Anxiety is probably the most common reason people seek therapy in NYC and beyond. While it is commonly accepted that anxiety is an unavoidable aspect of the human condition, we also know that it can be a life-destroyer if its frequency and intensity are excessive, and if it is not handled effectively.

the age of anxiety

W.H. Auden’s "The Age of Anxiety" struck a chord in the consciousness of Western culture when it was published in the late 1940s. I think most of us would agree that its relevance has only continued to grow since then.

The feelings of dread, restlessness, irritability and psychic pain that one experiences during anxious periods can range from annoying/frustrating to unbearable/paralyzing, and thus it is no wonder at all that people are clamoring for instant relief. One result of this unfortunate reality is that prescriptions for Xanax, Klonopin, Atavan and other anti-anxiety medications have increased exponentially in recent years.

medication for anxiety—the pros and cons

Anti-anxiety medications are designed for short term symptom reduction and immediate relief from pain/discomfort, and they often work well in that limited regard. Anecdotally, clients often say that these medications ‘take the edge off’ which of course can be very valuable when you have certain deadlines and responsibilities to meet. Unfortunately, more and more people are developing an over-reliance on anti-anxiety medications in order to function normally, which is a big problem.

Why is it a problem? If it works, what’s the big deal?

Excessive dependence on anti-anxiety medication is a problem because it creates the illusion that cognitive/emotional growth is not necessary in adult life. As we know, when we humans find a ‘quick fix’ and start feeling better, we are apt to conclude that the problem is solved. If only it were that easy.

The truth is that while immediate symptom reduction feels good (and is very important in many situations), it too often crowds out and distracts you from the very important emotional ‘work’ that you need to do on your life so that anxiety is no longer such an obstacle to your personal sense of well being.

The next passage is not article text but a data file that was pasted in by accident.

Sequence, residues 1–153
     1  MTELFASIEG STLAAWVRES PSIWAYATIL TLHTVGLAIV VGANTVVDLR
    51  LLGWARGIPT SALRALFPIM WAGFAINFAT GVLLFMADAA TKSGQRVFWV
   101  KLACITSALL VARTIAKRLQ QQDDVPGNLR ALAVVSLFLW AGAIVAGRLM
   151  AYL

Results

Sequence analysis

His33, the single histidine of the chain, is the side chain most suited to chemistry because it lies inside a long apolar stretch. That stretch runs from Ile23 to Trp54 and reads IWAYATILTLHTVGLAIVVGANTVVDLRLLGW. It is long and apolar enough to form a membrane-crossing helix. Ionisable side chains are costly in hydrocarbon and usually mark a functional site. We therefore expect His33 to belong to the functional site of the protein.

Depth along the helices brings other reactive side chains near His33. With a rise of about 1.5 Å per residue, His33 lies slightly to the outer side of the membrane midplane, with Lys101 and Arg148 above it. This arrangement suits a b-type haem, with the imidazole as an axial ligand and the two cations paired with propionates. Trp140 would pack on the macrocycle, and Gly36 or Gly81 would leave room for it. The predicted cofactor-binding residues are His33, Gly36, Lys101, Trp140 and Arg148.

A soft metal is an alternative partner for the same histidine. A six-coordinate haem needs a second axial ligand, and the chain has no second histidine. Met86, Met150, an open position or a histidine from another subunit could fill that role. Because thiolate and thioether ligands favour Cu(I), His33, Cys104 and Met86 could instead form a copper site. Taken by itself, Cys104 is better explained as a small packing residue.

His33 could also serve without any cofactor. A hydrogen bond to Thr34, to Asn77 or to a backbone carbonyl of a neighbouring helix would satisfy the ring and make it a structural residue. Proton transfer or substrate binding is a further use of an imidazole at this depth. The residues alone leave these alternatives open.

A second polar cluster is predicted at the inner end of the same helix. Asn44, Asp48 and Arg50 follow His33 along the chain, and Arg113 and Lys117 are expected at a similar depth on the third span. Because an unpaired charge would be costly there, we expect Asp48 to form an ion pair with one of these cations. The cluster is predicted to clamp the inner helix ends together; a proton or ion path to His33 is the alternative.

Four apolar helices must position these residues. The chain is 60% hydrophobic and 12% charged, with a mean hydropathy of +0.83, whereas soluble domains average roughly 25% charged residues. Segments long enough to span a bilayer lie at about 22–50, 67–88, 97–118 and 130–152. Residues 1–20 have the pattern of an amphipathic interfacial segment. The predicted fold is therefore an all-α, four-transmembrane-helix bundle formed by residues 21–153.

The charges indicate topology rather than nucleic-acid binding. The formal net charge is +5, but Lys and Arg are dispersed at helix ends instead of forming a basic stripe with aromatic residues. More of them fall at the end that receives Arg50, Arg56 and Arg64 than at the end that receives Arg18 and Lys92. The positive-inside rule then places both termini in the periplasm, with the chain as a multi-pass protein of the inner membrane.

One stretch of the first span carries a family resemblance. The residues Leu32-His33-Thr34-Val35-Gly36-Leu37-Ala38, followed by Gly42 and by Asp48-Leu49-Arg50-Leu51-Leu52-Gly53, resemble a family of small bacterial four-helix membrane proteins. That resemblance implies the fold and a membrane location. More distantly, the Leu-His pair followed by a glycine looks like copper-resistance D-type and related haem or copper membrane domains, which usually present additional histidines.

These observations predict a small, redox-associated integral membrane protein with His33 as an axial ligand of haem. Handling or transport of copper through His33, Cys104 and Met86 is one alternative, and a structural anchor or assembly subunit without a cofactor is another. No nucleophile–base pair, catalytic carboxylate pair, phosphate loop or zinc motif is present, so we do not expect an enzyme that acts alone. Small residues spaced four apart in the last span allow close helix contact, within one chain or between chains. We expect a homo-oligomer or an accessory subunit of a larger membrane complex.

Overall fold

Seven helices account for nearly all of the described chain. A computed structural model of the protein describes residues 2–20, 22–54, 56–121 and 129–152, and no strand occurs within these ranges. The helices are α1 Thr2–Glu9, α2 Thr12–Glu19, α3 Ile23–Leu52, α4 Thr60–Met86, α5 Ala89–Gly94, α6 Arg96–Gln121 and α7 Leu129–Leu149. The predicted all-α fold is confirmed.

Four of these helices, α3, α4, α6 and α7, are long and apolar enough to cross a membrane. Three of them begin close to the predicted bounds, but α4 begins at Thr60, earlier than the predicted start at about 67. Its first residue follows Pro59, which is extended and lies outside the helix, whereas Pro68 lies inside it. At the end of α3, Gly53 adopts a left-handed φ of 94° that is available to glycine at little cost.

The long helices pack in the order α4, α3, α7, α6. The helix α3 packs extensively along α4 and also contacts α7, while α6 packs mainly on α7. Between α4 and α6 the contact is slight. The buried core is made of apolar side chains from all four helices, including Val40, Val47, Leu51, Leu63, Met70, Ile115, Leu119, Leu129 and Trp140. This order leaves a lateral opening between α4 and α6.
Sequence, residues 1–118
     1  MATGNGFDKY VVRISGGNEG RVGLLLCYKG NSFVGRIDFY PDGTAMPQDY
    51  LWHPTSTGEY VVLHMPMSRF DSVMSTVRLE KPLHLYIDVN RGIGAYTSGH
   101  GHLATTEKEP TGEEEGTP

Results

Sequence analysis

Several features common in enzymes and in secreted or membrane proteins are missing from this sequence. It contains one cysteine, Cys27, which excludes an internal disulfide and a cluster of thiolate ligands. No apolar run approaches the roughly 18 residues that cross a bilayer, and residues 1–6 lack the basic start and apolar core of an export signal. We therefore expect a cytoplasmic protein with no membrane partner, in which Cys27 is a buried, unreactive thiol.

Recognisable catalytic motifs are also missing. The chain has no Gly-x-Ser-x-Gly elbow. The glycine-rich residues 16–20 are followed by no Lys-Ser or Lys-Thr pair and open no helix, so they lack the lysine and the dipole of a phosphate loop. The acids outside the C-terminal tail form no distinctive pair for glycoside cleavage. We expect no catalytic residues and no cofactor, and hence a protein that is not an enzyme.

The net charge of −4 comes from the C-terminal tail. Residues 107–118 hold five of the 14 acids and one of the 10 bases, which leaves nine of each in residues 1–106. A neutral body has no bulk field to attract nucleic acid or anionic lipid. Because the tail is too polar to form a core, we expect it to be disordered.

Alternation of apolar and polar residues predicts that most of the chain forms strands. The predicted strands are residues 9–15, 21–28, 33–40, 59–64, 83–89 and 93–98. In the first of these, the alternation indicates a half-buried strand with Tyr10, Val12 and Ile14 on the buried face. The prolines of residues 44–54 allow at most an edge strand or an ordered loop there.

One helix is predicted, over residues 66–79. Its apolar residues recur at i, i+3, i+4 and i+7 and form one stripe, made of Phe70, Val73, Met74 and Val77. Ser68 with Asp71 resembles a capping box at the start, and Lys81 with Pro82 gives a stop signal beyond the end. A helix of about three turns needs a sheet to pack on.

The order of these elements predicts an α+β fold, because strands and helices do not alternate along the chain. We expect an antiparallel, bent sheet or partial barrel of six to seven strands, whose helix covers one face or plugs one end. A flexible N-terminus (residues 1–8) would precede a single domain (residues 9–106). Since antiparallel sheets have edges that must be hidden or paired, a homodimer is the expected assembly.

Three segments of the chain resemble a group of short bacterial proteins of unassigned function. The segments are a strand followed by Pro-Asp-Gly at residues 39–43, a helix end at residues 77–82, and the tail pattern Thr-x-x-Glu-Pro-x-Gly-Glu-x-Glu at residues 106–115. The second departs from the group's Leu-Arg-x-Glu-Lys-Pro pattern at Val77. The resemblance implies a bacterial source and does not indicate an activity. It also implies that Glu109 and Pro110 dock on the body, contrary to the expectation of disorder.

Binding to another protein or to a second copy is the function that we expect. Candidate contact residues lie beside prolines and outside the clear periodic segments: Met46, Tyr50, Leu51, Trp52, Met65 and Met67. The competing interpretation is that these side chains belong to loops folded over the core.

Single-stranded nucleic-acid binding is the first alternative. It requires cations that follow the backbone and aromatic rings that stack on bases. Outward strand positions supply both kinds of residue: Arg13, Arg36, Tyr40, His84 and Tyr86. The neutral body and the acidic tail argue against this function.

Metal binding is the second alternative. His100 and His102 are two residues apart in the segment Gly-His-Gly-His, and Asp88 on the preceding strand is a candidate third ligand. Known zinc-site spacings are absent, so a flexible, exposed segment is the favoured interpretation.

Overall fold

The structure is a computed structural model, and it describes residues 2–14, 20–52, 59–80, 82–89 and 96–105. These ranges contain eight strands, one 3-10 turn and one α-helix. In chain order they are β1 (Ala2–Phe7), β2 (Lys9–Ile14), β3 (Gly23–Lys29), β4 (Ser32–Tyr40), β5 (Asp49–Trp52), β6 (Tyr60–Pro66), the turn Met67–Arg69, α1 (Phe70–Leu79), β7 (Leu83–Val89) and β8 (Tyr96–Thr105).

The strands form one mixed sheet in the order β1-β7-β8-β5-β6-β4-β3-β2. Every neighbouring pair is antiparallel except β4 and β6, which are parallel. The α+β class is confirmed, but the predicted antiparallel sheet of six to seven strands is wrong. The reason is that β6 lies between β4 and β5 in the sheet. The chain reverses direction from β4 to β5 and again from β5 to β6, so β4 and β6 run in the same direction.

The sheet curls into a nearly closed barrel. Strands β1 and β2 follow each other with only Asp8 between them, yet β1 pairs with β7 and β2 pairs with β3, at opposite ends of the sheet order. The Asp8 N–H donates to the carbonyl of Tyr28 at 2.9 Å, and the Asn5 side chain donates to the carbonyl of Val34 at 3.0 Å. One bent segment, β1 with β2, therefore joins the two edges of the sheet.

I often tell people in therapy that more reliance on pills equals less reliance on emotional regulation via healthy relationships with self and others.

alcohol/drugs & anxiety/depression

A number of people who seek therapy for anxiety (and/or panic attacks, depression, anger management issues, etc.) have been self-medicating with alcohol and/or drugs for years. What began as partying evolved over time into regular use in order to ‘feel normal’ or ‘get through the day.’ While the mood altering effects of alcohol and drugs 'help' with depression and anxiety in the moment, excessive use seriously exacerbates mood problems and relationship difficulties over time.

It is very common for people to think that their emotional and relational problems are unrelated to their habits of intoxication, no matter the drug of choice. In truth these things are deeply related. Fortunately, people experience enormous relief when they find out that simply decreasing instances of intoxication can have a significant impact on frequency and intensity of emotional pain.

anxiety as part of the human condition

Anxiety itself is not an ‘illness’ nor does it signal that you are doing something wrong. Anxiety is an unavoidable aspect of the human condition. That said, it is still important to ask:

Is my anxiety stopping me from living my life?

If so, therapy can help. And the way therapy helps with anxiety is to help you not only decrease and manage the anxiety, but also to understand and ‘use it’ effectively to build your life. Anxiety is a resource that we need to create with.